“GRLWEAP is for anyone that wants to test if a hammer can drive a pile safely, without damaging the pile, and to the resistance needed for a project,” said Allin. “If your pile needs 200 tons of capacity and you want to see if you can use a certain hammer on this pile and get 200 tons, GRLWEAP can model that for you and either indicate that, ‘Yes, it looks like this hammer is suitable,’ or ‘No, maybe you need a bigger hammer.’”
A new GRLWEAP
For more than 50 years, PDI has continued to innovate, develop, manufacture and supply state-of-the-art quality assurance and quality control testing and monitoring, products and software for the deep foundation industry. Over time, PDI’s equipment has become increasingly modernized and efficient – its original systems filled the back of a van, where it’s now designed to fit in the palm of your hand.
In 2022, PDI released GRLWEAP14. This version of the GRLWEAP software represents a major update to the program and is the first time in GRLWEAP’s history that the original code for calculation has been rewritten. GRLWEAP14 also provides an entirely re-vamped user interface that offers a wide range of new features and capabilities yet remains familiar enough for anyone who has used earlier versions of the product.
“The upgrades we’ve added to GRLWEAP14 are just a simplification of the process and taking advantage of what computers can do for you,” said Allin. “Our clients can easily adapt to the new user interface because it’s similar to earlier software versions. This has led to a seamless adoption from our long-time existing users, who tell us they have had no problem using the new program and are enjoying all the new features.”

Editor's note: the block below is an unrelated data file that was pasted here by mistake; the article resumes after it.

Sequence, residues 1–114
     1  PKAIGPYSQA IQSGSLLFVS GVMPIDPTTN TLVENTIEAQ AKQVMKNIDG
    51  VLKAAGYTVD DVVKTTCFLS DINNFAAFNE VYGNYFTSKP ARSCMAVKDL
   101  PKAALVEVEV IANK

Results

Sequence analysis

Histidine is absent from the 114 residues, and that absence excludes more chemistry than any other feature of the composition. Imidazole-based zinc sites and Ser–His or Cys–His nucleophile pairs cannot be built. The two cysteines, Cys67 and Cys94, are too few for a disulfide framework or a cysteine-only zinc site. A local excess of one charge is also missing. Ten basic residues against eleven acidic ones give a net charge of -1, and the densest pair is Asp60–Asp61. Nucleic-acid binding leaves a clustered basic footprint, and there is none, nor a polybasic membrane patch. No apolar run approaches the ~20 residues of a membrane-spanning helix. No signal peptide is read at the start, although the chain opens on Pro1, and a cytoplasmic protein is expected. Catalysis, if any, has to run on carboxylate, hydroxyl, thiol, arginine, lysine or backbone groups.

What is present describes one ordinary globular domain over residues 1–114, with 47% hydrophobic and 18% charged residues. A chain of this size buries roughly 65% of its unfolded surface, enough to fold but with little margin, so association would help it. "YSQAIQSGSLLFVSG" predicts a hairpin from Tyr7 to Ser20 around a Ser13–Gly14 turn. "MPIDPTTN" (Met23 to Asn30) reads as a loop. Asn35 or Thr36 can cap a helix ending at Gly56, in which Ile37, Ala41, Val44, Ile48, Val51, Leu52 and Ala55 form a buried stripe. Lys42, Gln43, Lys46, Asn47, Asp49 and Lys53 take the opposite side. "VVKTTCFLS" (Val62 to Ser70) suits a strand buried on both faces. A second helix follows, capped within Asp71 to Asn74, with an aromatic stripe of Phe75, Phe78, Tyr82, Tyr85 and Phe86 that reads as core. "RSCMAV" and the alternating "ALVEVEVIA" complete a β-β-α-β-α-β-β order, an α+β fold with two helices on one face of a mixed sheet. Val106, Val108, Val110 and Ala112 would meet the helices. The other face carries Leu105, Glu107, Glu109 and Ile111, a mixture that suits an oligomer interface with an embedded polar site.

The big leap forward with the new GRLWEAP14 has been functionality, where it can now analyze multiple hammers simultaneously. GRLWEAP14 also includes 12 additional static analysis methods used to calculate soil strength, an improvement over the previous version’s four.
“We are continuously modelling new information, such as hammers or soil types, and including it into the software to ensure it remains up to date,” said Allin. “So, if you now want to load in several different hammers for a given project into the software at once and check them all at the same time, the new GRLWEAP14 can do that. This is a tremendous time saver for the user, and it ultimately leads to a more successful outcome for the piling project.”
All PDI products – including GRLWEAP14 – come with training and lifetime customer support, and the company is regularly in conversation with its clients on whatever issues they may be having.
“The client is typically reaching out because they are having trouble with a particular scenario – they’re contacting us, usually through email, and we try and troubleshoot how to handle their specific situation and model it appropriately,” said Allin. “Another of GRLWEAP’s selling features is that it falls into the whole suite of PDI testing systems. Modelling is just one half of the equation; performance testing is the other half of what we provide.”
While the underlying physics of GRLWEAP hasn’t changed, the software product is constantly being re-designed to meet the evolving needs of PDI’s customers. Because of this, the company is always looking for exciting new features that will further expand the use of GRLWEAP and make it increasingly invaluable for the end user in optimizing their foundation designs.
To see what’s new at PDI or learn more about GRLWEAP14, check out their website at www.pile.com.
PHOTOS COURTESY of Pile Dynamics, Inc.